Historically, it was believed that the pain of migraine headaches resulted from an expansion of the large blood vessels (vasodilation) supplying the brain. This expansion led to a stretching of the nerve fibers attached to these vessels, which led to the perception of pain. Migraine headaches treatments were aimed at constricting these blood vessels.
Experiments in the early 1990s showed that when these nerves are activated, they also release neurotransmitters that cause dilation and inflammation of blood vessels. This interaction between neurotransmitters and the blood vessels is felt to take place in the trigemino-vascular junction.
The nerve fibers that surround the blood vessels are branches of the trigeminal nerve. When they are activated, electrical impulses travel along the trigeminal nerve into the lower brain stem, which is the most primitive portion of the brain. The brain stem is only about the size of your thumb, but many functions take place in this area of the central nervous system.
The trigeminal nerve has three branches: the ophthalmic division, which supplies the area around the eye and the forehead; the maxillary division, which supplies the cheek and the upper jaw; and the mandibular division, which supplies the lower jaw. This information is then passed on to cells that also receive information from the head, face, scalp, sinuses and neck.
Once the cascade is started, migraine headache sufferers will experience migraine headaches symptoms such as neck pain, scalp tenderness, facial pain, eye swelling, tearing, and nasal dripping. Many scientists also believe that the neurons in the brain are hyper-excitable in between migraine attacks. This hyper-excitable state makes these cells more susceptible to the processes leading to a migraine headache.
The membranes surrounding these cells have microscopic channels through which electrolytes pass and to which neurotransmitters attach, leading to a series of chemical reactions. When these channels are abnormal, it is referred to as a channelopathy. Migraines may be a type of channelopathy.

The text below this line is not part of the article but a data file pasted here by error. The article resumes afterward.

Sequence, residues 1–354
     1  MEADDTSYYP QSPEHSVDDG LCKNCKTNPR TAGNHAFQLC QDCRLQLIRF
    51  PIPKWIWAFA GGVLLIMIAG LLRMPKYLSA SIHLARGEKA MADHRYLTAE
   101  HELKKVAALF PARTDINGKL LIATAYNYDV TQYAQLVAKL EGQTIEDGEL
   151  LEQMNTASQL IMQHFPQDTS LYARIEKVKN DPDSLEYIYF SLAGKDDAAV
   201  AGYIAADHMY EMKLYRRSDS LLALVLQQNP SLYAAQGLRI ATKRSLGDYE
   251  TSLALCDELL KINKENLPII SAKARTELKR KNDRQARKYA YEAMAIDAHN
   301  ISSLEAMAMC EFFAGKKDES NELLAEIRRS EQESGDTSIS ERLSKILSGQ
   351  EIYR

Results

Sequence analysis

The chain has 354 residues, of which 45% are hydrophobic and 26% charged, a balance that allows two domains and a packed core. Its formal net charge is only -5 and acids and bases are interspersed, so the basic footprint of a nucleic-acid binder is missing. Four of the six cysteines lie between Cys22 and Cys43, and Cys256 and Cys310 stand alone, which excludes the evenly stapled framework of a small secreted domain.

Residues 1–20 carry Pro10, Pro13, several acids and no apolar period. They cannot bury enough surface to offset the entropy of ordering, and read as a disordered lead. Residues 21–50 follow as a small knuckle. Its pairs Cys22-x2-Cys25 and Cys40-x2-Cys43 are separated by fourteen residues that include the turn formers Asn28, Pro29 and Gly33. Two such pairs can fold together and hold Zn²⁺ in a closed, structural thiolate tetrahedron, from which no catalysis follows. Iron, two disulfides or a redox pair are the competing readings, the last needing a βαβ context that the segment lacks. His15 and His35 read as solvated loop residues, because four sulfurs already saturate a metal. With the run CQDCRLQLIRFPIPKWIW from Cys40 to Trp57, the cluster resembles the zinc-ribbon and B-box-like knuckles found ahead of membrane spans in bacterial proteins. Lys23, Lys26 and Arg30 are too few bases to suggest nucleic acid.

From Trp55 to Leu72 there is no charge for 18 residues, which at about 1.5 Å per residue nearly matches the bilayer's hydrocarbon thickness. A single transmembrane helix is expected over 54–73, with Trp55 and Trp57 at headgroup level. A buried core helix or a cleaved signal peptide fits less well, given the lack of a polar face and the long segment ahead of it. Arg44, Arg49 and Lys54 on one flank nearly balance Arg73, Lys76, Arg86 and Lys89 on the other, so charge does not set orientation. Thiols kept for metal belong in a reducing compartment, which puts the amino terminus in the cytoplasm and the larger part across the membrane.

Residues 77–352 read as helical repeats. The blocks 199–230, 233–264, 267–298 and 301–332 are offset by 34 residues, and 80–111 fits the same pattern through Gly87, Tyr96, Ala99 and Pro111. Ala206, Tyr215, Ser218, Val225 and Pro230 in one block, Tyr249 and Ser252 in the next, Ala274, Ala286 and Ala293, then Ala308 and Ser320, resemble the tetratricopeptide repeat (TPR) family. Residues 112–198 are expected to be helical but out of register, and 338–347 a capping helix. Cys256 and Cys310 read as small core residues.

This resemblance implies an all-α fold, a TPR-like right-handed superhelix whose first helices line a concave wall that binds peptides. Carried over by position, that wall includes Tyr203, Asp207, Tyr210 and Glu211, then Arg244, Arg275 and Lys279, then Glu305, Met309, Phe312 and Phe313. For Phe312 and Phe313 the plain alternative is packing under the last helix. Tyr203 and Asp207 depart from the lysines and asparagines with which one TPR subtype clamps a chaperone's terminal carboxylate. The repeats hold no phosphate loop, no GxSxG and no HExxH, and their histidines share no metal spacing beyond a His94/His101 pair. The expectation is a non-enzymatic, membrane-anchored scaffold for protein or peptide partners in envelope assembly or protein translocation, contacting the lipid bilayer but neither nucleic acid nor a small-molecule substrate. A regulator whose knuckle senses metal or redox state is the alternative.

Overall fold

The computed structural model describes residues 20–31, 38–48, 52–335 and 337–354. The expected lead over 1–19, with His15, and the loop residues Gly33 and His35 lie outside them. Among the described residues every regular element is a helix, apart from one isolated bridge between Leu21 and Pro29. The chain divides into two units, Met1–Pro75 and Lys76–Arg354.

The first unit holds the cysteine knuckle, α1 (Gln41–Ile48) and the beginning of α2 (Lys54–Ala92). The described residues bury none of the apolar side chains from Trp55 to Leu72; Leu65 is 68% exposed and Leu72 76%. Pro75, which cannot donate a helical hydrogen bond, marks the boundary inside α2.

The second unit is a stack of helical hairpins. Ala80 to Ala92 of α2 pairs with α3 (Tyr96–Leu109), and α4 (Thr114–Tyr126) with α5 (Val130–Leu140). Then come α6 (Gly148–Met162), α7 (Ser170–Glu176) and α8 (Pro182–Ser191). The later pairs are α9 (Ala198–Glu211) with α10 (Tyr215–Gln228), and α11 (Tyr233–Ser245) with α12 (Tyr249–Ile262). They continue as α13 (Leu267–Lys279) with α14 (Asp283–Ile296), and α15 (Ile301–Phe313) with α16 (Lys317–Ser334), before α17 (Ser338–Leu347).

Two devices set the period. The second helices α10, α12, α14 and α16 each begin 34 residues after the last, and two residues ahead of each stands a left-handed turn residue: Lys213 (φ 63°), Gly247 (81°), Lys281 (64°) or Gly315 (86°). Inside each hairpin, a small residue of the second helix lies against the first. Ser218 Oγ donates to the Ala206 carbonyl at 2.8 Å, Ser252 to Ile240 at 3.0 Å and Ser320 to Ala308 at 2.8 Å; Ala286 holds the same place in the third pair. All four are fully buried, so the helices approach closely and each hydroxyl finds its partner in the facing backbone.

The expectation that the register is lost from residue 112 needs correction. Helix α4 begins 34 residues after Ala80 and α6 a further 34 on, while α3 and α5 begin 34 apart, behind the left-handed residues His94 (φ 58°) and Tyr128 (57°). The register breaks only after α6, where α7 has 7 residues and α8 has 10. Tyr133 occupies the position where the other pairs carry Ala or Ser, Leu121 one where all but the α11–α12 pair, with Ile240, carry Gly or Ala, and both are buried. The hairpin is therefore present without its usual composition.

These channelopathies make the neurons unstable and susceptible to spontaneous activation or dysfunction. If this dysfunction occurs on the surface of the brain, a slowly moving electrical “wave” may spread across the brain in what is referred to as spreading cortical depression. This is experienced as an aura migraine by many people.
A migraine with aura may be accompanied by flashing, jagged lights or migraine aura zig zag lines moving slowly across the field of vision. Cortical spreading depression is capable of activating trigeminal nerve fibers, a mechanism that explains why a migraine headache often occurs after the aura has started.
Many substances and receptors play roles in the propagation of a migraine. Calcitonin gene-related peptide (CGRP) is known to be released from trigeminal nerve endings during a migraine attack. This neurotransmitter is thought to be the main culprit in causing the dilation of blood vessels.
Among the most important receptors are the serotonin or 5-hydroxytryptamine (5-HT) receptors that sit on the blood vessels and tips of the trigeminal nerve endings. Newer drugs used to treat migraine, known as triptans, specifically attach to these 5-HT receptors, leading to the constriction of blood vessels.
With a better understanding of the causes of migraine headaches, migraine headaches are now recognized as a neurological disease. This has resulted in more attention and resources being aimed at developing and advancing the treatment for migraine headaches.
For a better understanding of the chemical changes in the brain that cause migraines, watch the video below: